The message that Jeremiah brought from God was that Babylon would continue to dominate the region for some time to come, that the people of Judah must accept it as God’s will and that if they did not, the Babylonians would return and wreak even more  havoc and terrible destruction. This would continue until the people changed their ways to listen to God and live how he commanded and until he decided in his own time to notice them. 

Hananiah though brings an alternative and much more hopeful message that the Temple in Jerusalem would soon be restored and that the people would return from exile in just a few years. So when Hananiah proclaims  that the yoke of the King of Babylon will be broken, he demonstrates it forcefully by taking the yoke from around Jeremiah’s neck and breaking it in front of the people, humiliating Jeremiah in the process. You can understand Jeremiah’s anger at God for putting him in that position.

The message that Hananiah brings – is a message that the people want to hear and it is not surprising that they were more willing to hear it and accept it than Jeremiah’s message of prolonged exile and even worse to come if people failed to heed him. Later Jeremiah rebukes Hananiah for making the people believe a lie, and Hananiah dies an early death.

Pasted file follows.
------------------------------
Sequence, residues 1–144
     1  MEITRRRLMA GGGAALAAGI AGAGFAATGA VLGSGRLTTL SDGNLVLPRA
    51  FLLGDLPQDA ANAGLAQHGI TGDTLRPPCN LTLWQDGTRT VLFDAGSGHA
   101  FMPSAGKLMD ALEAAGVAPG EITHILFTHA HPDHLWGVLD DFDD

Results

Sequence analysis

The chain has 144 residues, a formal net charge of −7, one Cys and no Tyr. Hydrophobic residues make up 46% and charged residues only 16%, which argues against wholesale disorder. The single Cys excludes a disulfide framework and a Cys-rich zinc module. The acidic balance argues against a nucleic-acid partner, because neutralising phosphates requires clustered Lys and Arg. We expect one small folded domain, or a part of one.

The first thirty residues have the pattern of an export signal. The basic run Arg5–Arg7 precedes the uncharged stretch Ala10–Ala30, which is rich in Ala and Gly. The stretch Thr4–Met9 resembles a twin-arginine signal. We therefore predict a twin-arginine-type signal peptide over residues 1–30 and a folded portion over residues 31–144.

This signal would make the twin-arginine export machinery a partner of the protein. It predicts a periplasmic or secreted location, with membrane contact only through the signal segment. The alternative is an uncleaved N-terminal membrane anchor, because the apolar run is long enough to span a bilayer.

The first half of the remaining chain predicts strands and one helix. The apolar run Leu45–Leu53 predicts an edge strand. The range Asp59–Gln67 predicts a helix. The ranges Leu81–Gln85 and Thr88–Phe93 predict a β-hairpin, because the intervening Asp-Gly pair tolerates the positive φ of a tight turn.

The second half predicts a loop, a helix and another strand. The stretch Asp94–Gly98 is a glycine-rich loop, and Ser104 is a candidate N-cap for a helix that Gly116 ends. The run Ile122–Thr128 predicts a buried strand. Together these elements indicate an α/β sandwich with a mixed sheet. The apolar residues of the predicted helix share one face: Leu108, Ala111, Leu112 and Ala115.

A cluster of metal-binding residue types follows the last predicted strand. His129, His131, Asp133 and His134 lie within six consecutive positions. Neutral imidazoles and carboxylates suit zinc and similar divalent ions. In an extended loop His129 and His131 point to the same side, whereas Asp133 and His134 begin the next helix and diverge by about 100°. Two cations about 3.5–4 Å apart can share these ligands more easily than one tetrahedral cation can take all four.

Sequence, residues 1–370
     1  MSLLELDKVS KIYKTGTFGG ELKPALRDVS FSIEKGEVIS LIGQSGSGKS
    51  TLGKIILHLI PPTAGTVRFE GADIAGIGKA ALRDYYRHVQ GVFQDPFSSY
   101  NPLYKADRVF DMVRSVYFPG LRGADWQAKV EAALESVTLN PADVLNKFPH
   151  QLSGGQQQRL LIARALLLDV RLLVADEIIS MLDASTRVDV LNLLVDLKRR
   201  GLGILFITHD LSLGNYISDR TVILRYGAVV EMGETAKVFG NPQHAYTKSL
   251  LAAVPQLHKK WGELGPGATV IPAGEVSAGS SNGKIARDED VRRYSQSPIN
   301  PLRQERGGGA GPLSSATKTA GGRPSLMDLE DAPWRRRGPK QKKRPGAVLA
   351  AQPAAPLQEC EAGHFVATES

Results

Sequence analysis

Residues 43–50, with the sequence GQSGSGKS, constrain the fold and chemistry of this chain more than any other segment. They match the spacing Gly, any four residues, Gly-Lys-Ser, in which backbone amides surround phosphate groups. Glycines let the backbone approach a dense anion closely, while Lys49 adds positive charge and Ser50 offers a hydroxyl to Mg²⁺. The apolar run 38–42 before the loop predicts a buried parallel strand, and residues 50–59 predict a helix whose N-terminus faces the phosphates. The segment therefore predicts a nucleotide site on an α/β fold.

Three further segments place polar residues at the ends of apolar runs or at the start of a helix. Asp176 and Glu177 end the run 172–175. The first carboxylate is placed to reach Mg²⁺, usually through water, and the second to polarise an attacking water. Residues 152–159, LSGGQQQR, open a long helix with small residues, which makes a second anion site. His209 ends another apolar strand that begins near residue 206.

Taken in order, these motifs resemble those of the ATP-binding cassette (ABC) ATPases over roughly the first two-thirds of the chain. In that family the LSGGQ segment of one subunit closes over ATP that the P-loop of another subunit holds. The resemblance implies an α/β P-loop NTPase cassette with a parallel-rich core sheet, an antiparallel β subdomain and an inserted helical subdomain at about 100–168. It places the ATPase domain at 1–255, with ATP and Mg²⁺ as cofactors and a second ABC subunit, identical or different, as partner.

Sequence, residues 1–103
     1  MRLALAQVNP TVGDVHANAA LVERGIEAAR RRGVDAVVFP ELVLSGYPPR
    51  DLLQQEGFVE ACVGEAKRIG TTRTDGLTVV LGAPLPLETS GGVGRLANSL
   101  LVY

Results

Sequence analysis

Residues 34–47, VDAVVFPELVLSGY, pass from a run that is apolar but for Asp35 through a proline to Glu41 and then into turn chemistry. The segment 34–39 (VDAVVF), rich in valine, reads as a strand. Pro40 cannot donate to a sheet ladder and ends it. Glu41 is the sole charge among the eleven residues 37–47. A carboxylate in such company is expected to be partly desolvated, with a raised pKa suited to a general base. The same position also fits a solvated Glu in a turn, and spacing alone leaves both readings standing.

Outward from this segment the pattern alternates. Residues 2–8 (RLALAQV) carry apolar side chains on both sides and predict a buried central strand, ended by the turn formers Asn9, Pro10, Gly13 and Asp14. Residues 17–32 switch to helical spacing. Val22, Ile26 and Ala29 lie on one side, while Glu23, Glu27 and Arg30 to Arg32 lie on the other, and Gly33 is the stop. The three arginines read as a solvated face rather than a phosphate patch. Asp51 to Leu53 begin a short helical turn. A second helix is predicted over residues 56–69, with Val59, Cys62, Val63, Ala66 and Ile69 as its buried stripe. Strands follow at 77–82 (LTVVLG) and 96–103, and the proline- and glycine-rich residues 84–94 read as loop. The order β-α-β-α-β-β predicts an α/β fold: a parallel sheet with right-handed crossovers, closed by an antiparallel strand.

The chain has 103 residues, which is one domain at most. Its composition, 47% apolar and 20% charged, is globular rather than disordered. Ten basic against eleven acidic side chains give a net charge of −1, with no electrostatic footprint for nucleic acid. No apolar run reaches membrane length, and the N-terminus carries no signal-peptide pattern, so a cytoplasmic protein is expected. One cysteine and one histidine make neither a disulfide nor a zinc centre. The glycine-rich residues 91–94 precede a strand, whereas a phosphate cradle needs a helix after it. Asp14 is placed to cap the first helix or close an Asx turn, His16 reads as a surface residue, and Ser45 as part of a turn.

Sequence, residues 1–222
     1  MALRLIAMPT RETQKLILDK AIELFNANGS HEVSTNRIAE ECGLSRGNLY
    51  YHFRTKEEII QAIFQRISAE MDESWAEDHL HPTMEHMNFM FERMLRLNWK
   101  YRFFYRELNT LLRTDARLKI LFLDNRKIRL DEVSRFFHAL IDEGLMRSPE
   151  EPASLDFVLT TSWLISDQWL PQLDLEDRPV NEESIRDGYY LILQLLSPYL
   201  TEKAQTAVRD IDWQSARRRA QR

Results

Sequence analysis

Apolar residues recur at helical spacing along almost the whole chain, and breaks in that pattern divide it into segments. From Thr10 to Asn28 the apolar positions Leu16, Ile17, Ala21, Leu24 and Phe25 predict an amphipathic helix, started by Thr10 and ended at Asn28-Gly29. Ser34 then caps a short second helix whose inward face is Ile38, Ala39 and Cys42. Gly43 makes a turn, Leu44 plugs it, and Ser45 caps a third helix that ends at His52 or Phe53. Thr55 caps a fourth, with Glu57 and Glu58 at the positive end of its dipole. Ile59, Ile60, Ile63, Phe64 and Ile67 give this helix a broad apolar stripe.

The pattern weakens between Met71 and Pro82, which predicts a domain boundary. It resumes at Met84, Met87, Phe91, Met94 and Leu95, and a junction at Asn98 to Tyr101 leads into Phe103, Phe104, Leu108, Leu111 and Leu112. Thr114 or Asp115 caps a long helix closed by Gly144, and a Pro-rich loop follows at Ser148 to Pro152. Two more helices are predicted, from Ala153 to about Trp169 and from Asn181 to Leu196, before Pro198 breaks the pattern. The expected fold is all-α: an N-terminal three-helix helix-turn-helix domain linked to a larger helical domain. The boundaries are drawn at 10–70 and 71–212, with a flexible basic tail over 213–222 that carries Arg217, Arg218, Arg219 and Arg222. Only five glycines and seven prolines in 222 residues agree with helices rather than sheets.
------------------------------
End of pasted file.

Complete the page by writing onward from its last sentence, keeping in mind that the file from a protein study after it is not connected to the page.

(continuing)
Today we are no better at receiving messages that we don’t want to hear, that are uncomfortable for us to accept, or accepting that we need to make changes to our outlook, our culture, our way of life and adopt different attitudes. The people didn’t want to hear Jeremiah. What messages today do we close our ears to because they are difficult to hear, inconvenient to our purse or way of life? 

Perhaps one example is the message recently delivered through demonstrations in cities across the world with the message “Black Lives Matter”.  This seems to have begun as a spontaneous outpouring of emotion that followed the death of George Floyd.

Many people have responded to the message positively with support. Others have found the message hard to take or understand. I must admit that when I saw the statue of Edward Colston being toppled in Bristol I was a bit shocked. Bristol is my home city and I have passed and, frankly not really noticed that statue many times. I couldn’t have told you who it was to be honest, but the sight of it being pulled down by what appeared to be an angry mob was a bit frighting.